🤔 Who/what brand would be an example of a blake shoe with a welt stitched to the upper first? You sure you've got that blake rapid explanation correct?
Steve Doudaklian has done videos on it. He often converts Blake stitch to Blake rapid when he resoles them. They usually aren’t manufactured Blake rapid.
I'm with @Aenonymous on this one. While there is a difference between Blake and Blake Rapid, I am not sure you are accurately describing it. Do a search on my username and you will find a post from not that long ago with a detailed description of the differences.

And please post Steve's video(s). I have gone though almost all of them and do not remember that one. I have seen ones in which he converts a 270 degree GYW to a 360 GYW, cemented construction to Blake stitched, and cemented construction to stich-down but never Blake to Blake-Rapid. He may have, I am just saying I have not seen it and I think I have watched all his videos in the past year.
 

EZB

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I'm with @Aenonymous on this one. While there is a difference between Blake and Blake Rapid, I am not sure you are accurately describing it. Do a search on my username and you will find a post from not that long ago with a detailed description of the differences.

And please post Steve's video(s). I have gone though almost all of them and do not remember that one. I have seen ones in which he converts a 270 degree GYW to a 360 GYW, cemented construction to Blake stitched, and cemented construction to stich-down but never Blake to Blake-Rapid. He may have, I am just saying I have not seen it and I think I have watched all his videos in the past year.
In the video, he even talked about how the show looks like a GYW afterwards.
 

Aenonymous

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In the video, he even talked about how the show looks like a GYW afterwards.
It's certainly possible to make a blake constructed shoe look like a GYW by utilizing both blake and rapid stitching, but the combo (I believe) is a bit different than what you've described and it utilizes a midsole. The midsole is blake stitched to the upper (technically it's stitched to the insole), so you'll still see that blake stitch on the inside of the shoe. Then a rapid stitch (plus some cement) is used to attach an outsole to the bottom of the midsole, while simultaneously stitching a decorative welt to the top side of the midsole. By all appearances it'll look like GYW and to your point you would have a protective layer (outsole) protecting the integrity of the hidden blake stitch. But the welt itself is not attached to the upper, only to the top of the midsole.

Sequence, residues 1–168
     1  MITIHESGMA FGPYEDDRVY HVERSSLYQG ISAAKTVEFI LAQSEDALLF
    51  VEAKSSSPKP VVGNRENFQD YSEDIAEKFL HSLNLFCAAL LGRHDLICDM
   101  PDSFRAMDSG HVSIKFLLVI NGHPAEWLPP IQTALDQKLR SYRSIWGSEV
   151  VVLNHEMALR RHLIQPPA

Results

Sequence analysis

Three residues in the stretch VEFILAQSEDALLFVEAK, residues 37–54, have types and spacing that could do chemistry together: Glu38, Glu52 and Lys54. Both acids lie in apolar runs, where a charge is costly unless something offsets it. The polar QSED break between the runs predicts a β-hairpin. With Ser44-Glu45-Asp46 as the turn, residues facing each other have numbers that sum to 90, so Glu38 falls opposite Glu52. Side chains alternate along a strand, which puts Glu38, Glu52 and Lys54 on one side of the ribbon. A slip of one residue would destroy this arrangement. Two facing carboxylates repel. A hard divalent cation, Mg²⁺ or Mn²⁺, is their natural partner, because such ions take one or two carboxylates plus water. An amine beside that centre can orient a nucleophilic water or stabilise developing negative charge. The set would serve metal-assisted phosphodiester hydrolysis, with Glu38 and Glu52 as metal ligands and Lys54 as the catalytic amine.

Vincent George

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Good video of some fine work, but that's not an example of this particular discussion.
The point I was making was that Steve is disguising the blake by using a blind stitch.
It's certainly possible to make a blake constructed shoe look like a GYW by utilizing both blake and rapid stitching, but the combo (I believe) is a bit different than what you've described and it utilizes a midsole. The midsole is blake stitched to the upper (technically it's stitched to the insole), so you'll still see that blake stitch on the inside of the shoe. Then a rapid stitch (plus some cement) is used to attach an outsole to the bottom of the midsole, while simultaneously stitching a decorative welt to the top side of the midsole. By all appearances it'll look like GYW and to your point you would have a protective layer (outsole) protecting the integrity of the hidden blake stitch. But the welt itself is not attached to the upper, only to the top of the midsole.
He (re) glues a (fake) welt onto the uppers in this one, then blakes the shoe to a JR (but partial blind)